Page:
NBA Phoenix's Amare Stoudemire is rookie of year
The now-20-year-old came into the league from high school.
PHOENIX (AP) -- There will be an extra measure of hoopla when the Phoenix Suns and San Antonio Spurs play in Game 3 of their first-round playoff series tonight.
Not only do the upstart Suns return home with the best-of-seven series tied at 1-1, they also will celebrate the anointing of man-child power forward Amare Stoudemire as NBA Rookie of the Year.
Phoenix, the No. 8 seed in the West, almost certainly would not have made it to the playoffs if not for the imposing presence of Stoudemire, who on Thursday became the first player to win the rookie award after going directly to the NBA from high school.
Made big difference
"He was the difference in our team being in the middle of the pack and making the playoffs," Suns center Scott Williams said. "He stepped up when Googs [Tom Gugliotta] went down and was a tremendous force for us all season long."
And, at 20 years old, he's just getting started.
"As a person, I couldn't be happier for him," Williams said. "He's a good kid. His personality fits real well in our locker room. There's been no animosity towards the attention that he's had all season long. And he's handled it real well. He hasn't gotten a swollen head."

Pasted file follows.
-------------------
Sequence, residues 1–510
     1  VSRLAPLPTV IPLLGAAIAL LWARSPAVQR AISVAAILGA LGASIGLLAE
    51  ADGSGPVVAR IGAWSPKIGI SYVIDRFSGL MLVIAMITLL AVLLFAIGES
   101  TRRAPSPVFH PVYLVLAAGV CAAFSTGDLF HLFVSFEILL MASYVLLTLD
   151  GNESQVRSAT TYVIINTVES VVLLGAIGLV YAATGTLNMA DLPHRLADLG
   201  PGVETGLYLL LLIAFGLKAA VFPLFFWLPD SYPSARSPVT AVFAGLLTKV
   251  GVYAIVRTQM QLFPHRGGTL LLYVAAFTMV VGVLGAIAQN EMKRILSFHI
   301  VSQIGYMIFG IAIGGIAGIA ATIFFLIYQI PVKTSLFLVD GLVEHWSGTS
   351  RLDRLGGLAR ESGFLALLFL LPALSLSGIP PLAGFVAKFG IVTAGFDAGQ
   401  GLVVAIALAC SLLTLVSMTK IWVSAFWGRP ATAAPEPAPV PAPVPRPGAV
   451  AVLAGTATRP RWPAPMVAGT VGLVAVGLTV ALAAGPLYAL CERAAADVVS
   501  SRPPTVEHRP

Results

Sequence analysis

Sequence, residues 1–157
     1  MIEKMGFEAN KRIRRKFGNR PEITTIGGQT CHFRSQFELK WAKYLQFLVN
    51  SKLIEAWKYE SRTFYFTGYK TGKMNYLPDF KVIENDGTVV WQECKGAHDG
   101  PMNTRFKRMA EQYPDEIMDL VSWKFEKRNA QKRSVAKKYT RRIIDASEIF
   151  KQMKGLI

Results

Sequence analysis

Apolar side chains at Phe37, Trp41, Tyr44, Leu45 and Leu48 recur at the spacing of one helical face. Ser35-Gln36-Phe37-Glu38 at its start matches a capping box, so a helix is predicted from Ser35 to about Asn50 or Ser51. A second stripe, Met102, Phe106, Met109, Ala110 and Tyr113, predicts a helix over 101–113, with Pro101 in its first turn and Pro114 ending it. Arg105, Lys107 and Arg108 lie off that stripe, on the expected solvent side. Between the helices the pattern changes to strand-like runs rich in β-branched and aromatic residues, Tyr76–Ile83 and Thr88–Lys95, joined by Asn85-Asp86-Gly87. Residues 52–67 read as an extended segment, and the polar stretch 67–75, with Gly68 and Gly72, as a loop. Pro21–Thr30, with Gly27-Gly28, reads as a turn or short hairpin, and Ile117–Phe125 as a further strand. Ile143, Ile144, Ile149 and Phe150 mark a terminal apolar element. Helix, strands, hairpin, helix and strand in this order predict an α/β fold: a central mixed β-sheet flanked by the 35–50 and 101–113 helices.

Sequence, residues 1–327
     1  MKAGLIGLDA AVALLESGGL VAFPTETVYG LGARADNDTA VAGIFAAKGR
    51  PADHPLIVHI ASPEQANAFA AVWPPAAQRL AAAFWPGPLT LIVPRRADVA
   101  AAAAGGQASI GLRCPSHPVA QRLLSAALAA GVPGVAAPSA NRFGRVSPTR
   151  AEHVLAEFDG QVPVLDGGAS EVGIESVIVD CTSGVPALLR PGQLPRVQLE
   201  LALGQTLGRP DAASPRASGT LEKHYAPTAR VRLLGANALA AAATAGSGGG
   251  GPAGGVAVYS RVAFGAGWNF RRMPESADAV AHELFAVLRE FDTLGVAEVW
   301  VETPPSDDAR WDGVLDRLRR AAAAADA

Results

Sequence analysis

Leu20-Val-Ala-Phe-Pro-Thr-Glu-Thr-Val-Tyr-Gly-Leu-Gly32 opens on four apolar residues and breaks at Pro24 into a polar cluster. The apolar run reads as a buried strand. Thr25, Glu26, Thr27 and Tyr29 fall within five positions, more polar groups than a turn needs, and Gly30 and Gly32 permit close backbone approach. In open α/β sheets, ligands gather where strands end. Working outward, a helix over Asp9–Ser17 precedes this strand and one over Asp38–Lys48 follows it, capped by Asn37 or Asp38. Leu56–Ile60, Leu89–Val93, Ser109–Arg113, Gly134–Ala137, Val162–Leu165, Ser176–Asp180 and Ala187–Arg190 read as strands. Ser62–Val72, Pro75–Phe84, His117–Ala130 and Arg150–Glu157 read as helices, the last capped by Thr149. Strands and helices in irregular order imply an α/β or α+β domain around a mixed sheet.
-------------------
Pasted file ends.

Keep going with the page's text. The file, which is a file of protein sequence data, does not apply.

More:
Stoudemire, who averaged 13.5 points and 8.8 rebounds in the regular season, scored 24 points in Phoenix's 96-95 victory in Game 1, including an improbable 3-point bank shot that forced the overtime. But he was just 2-for-10 shooting for five points in the Suns' 84-76 loss in Game 2.
"He's very crucial in just being able to score some points in the paint," Phoenix coach Frank Johnson said. "In points in the paint in the second game, they just killed us."
Stoudemire, who beat out Houston center Yao Ming for rookie of the year, overcame long odds to emerge an amazingly levelheaded, poised and gifted power forward not at all intimidated by the big, tough and much older players he faces.
"I go out and practice hard," he said, "and then I feel comfortable come game-time."
Stoudemire was 12 when his father died. His mother was in and out of jail throughout his childhood. His older brother is in prison on drug and sex abuse convictions.
Somehow, Stoudemire stayed out of trouble. He went to six high schools, the last of them Cypress Creek High School in Orlando, and he had to sit out his junior season because of transfer rules.
"From the adjustments that I made growing up, and now here in the NBA having a pretty good season and getting the rookie of the year award, it feels great," he said. "I feel like I stayed focused, and I've been blessed from God."